* to File{Input/Output}Stream or File{Reader/Writer}, 
 * that is not tracked by this script.
 */
@BTrace public class FileTracker {
    @TLS private static String name;

    @OnMethod(
        clazz="java.io.FileInputStream",
        method="<init>"
    )
    public static void onNewFileInputStream(@Self FileInputStream self, 
                                            File f) {
        name = Strings.str(f);
    }

    @OnMethod(
        clazz="java.io.FileInputStream",
        method="<init>",
        type="void (java.io.File)",
        location=@Location(Kind.RETURN)
    )
    public static void onNewFileInputStreamReturn() {
        if (name != null) {
            println(Strings.strcat("opened for read ", name));
            name = null;
        }
    }

    @OnMethod(
        clazz="java.io.FileOutputStream",
        method="<init>"
    )
    public static void onNewFileOutputStream(@Self FileOutputStream self, 
                                              File f, boolean b) {
        name = str(f);
    }

    @OnMethod(
        clazz="java.io.FileOutputStream",
        method="<init>",
        type="void (java.io.File, boolean)",
        location=@Location(Kind.RETURN)
    )
    public static void OnNewFileOutputStreamReturn() {
        if (name != null) {
            println(Strings.strcat("opened for write ", name));
            name = null;
        }
    }
}

Select “Start” option . Now try to open any file in Notepad application or create new file , you will see trace message printed in the output windows shown below.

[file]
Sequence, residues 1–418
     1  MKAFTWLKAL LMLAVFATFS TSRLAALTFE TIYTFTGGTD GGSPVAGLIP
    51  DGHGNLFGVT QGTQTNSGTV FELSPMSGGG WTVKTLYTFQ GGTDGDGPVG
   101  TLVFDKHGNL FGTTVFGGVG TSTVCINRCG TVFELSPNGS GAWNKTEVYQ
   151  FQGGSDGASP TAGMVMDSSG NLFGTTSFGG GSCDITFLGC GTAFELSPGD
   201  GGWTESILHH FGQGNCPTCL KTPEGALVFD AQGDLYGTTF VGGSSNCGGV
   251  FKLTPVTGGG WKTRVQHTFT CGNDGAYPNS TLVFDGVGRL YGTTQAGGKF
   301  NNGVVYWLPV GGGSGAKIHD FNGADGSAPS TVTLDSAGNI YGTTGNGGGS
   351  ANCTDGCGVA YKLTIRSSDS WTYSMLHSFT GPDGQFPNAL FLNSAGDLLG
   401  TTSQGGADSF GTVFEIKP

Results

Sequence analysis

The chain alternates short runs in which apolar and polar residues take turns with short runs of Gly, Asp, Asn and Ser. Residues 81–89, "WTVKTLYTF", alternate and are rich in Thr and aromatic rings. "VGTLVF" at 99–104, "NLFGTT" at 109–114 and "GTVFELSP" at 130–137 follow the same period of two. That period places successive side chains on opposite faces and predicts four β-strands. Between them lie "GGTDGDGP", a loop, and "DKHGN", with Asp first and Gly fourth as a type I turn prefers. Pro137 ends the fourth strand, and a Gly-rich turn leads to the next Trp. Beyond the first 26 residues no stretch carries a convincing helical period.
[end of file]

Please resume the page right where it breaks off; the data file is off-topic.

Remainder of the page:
image

More samples available in BTrace User guide

Using Command Line version

BTrace also ships with command line tool which allows you debug/trace target application. From the command line you can use btrace client tool to trace Java application

btrace <target-java-pid> FileTracker.java

BTrace ships with number of sample application that shows various BTrace features. Download the sample application from the btrace website

Resouces

1. BTrace website

2. BTrace user guide ( user guide as number samples which demonstrate capbaility of BTrace ).

3. BTrace developers guide

4. BTrace wiki.

Monitor process startup/shutdown using WMI & PowerShell

Recently I was working on a project, where I needed to monitor process for startup/shutdown events,  after searching internet  found that it can be easily done using WMI and PowerShell .

WMI (Windows Management Instrumentation) is a technology built in to Windows since Windows 2000, that provides standard interface to manage windows systems. For example it can used to find software products installed in single or multiple machines in network or to verify necessary OS service pack is installed on all machines in the network.

PowerShell provides easy way of accessing WMI functionality using simple scripting language.

Here is how you can monitor for process startup using PowerShell & WMI events

1. Launch PowerShell and enter following command. This command will register for process started event and prints statement in console whenever notepad.exe is executed.

Register-WMIEvent -query “SELECT * FROM Win32_ProcessStartTrace WHERE ProcessName=’notepad.exe'” -SourceIdentifier “testevent” -action { $e = $Event.SourceEventArgs.NewEvent

Write-Host $e.ProcessName,” started ” }

2. Now launch notepad and observer that console has message confirming the same.